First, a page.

Anomaly detection explained for beginners
Anomaly detection is an extremely powerful technique for identifying critical outliers in a set of data. It is particularly useful where you are trying to spot a rare but mission-critical event. For instance, if you want to spot unusual transactions on someone’s bank account. Or when you need to identify problems with a piece of important machinery before it fails. In this blog, we look at the history and basics of anomaly detection and show how anyone can leverage it.
The origins of anomaly detection
Data science powers some of the most impressive applications of technology in the modern world. It underpins all those things branded ‘big data’, ‘machine learning’, or ‘artificial intelligence’. Over the past decades, it has given us some incredibly useful techniques for analyzing and interpreting data. In turn, these techniques allow us to construct powerful machine learning models. You can then use such models to power AI systems to solve important real-world problems.
Some key data science techniques
Data science is primarily about making usable observations about large sets of data. By ‘usable observations’ I mean identifying features, patterns, and anomalies in the data. In turn, you can use these observations to understand and leverage the data.
In data science, a feature is a specific aspect of a data set that you can quantify in some form. For instance, in a set of accounts, it could be the amount spent. Often, these features may not be so clear-cut. Or you may find that they are incomplete. Feature engineering allows you to clean up the dataset, discarding some features, combining others.
Datasets often exhibit clear patterns. Sometimes, a human can easily spot these—after all, our brain is remarkably good at pattern recognition. So good in fact that we are prone to spotting patterns when none exists. But how do you spot patterns in enormous datasets? Data science offers us several techniques depending on how much we know about the data. For instance, if we know very little, we can turn to K-means clustering to find features in the data. Or if we know more about the data, we can use one of the myriad forms of supervised learning to find the patterns.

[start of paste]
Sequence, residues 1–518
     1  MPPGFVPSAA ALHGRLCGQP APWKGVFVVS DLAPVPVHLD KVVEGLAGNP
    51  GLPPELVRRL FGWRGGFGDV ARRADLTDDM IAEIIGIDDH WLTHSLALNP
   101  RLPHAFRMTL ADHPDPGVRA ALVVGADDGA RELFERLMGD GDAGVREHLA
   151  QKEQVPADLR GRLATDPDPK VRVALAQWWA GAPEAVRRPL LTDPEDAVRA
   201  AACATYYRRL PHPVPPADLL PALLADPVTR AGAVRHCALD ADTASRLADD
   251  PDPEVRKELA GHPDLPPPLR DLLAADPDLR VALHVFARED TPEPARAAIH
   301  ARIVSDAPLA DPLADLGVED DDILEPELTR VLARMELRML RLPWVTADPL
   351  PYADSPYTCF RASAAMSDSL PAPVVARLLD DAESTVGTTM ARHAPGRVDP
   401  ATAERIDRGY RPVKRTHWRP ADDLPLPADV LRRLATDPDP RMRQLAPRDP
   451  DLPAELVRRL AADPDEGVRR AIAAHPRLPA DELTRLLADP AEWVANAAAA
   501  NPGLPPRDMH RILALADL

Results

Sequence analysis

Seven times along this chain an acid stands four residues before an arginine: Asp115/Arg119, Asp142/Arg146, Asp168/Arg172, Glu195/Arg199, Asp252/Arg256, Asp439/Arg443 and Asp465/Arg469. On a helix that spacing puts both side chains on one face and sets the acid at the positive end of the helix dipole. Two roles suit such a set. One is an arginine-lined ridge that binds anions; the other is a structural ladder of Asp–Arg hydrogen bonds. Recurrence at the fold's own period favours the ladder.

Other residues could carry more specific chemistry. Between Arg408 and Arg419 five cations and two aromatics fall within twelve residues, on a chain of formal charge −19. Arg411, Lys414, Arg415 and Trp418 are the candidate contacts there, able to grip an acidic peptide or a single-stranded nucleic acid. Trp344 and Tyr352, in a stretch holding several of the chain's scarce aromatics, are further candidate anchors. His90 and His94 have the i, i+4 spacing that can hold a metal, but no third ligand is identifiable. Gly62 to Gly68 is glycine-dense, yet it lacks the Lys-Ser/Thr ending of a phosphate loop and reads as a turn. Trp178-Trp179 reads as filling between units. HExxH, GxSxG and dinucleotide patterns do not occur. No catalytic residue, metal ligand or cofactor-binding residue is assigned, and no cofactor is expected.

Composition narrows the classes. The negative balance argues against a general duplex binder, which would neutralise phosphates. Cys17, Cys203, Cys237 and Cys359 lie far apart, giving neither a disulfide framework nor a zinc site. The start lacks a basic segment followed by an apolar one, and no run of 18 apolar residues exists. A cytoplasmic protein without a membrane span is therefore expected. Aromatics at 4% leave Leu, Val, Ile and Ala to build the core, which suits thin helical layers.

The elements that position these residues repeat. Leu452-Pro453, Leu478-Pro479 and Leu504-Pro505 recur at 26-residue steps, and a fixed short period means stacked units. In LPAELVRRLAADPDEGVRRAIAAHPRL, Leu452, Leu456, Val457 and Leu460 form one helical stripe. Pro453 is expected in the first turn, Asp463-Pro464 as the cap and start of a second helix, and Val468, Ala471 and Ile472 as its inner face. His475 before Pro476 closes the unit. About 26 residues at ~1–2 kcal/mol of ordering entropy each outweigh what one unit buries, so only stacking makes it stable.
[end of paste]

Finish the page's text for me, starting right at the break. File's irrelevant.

An anomaly is a data point that fulfills two key criteria. Firstly, its values differ markedly from normal data values. And secondly, it only occurs very rarely in the dataset. You generally classify anomalies as either univariate or multivariate. Univariate anomalies relate to a single data feature. Multivariate anomalies exist across multiple features. While you can do sometimes do it, detecting anomalies by hand is extremely hard. Especially, if you are working with time-series data.
The basics of anomaly detection
Anomaly detection is a whole field of data science by itself. So, all I can show you here is the very basics. First, I need to explain the different types of anomaly you can find.
Point anomalies happen when a single data point is anomalous. This is the classic outlier on a graph. This is a form of univariate anomaly.
Contextual anomalies require knowledge of the surrounding context. That is, they may only be anomalous under some circumstances. These can be either univariate or multivariate.
Collective anomalies are more subtle. Each data point may not be anomalous, but taken together, you know something is odd.